"Murray is the best kind of literary biographer" – The Financial Times.
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Winner of the 2015 Basil Bunting Award for poetry

Monday, 21 July 2008

Hammershoi: the Poetry of Silence

Discovering a new artist is like discovering a new writer: a whole world of expression and consciousness suddenly opens up before you. The Royal Academy's current exhibition of the Danish artist Vilhelm Hammershoi [I can't do the oblique accent across the 'o'] is just such an opportunity. Working in the first couple of decades of the 20th Century, Hammershoi (1864-1916) painted endless interiors of his Copenhagen house - as the RA brochure puts it: "quiet, haunting interiors, their emptiness disturbed only occasionally by the presence of a solitary, graceful figure, often the artist's wife. Painted in the subtlest tones of silvery grey, these sparsely-furnished rooms exude a sense of melancholy, introspection and hypnotic quietude". The exhibition is subtitled appropriately: "The poetry of silence." As well as these expressive interiors there are some equally evocative landscapes, including a wonderful view of Montague Street in Bloomsbury 102 years ago, down the side of the British Museum. The exhibition is on until 7 September.

5 comments:

Mark Thwaite said...

I discovered Hammershoi via a blog (I forget which!) about 3 months ago. Got quite excited and read more about him in Patricia G. Berman's "In Another Light: Danish Painting In The Nineteenth Century" -- http://tinyurl.com/3nld8c -- and then found out about the exhibition. Serendipity!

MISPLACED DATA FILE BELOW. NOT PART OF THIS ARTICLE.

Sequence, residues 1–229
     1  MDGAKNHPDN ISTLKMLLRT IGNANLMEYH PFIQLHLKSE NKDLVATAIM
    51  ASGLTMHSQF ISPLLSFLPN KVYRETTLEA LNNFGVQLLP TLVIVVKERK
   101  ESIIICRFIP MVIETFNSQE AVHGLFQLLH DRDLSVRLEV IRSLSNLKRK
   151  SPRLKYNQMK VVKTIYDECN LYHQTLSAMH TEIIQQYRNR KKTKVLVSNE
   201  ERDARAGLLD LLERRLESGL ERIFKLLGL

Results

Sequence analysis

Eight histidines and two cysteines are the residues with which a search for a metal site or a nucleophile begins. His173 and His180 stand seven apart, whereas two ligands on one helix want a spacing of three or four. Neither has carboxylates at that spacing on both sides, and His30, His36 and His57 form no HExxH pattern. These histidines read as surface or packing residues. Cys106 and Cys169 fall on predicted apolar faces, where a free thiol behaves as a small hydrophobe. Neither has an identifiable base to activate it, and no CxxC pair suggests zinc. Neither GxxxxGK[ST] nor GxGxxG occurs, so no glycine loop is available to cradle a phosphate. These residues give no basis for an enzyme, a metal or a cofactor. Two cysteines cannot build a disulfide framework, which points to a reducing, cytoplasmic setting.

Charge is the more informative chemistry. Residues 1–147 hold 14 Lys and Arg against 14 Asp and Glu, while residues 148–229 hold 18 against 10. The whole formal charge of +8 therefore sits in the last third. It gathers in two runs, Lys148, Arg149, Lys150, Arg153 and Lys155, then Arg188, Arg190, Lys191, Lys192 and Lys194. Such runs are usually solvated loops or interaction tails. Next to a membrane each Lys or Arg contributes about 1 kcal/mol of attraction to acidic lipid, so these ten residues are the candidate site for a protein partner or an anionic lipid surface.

Has to be the finest exhibition I've seen in an age ... wonderful, wonderful painter.

Andrew K said...

The given painting very suggestive of a more muted Vermeer.

Andrew K said...

Just doing a quick look at more of his stuff & seeing him ignored for a long time for being apparently 'dated'.
It seems Hammershoi's art could be described as timeless; his paintings appear to exist in a timeless space. They are not inhabiting a world of progress; there is no clock ticking its relentless path onwards. And contrarily perhaps art( in the broad sense) that exists precisely within a moment of time is what becomes dated- for example, I can't honestly say Picasso's Demoiselles d'Avignon appears a fresh work of art to me.

I might be reaching too far, but Dickens & Tolstoy are far more dated than Dostoevsky, while they seem to be more intimately concerned with the world that exists in time, whereas Dostoevsky's figures are only very incidentally connected to the time they inhabit. Whatever.

Max Cairnduff said...

I hadn't discovered him until this blog entry, but now that I have this looks very interesting.

Thanks for pointing this out, I'm not sure I'd have spotted it otherwise, much appreciated.

Andrew K said...

Obviously far too hasty there & currently reading Tolstoy's Resurrection & tis obvious that it is a time that'd view Tolstoy as dated that would in truth be the one of impermanence. But what I kind of meant regarding him is his characters are embedded within their times in a way Dostosvky's aren't; Dostoevsky's sense of reality being more nakedly existential.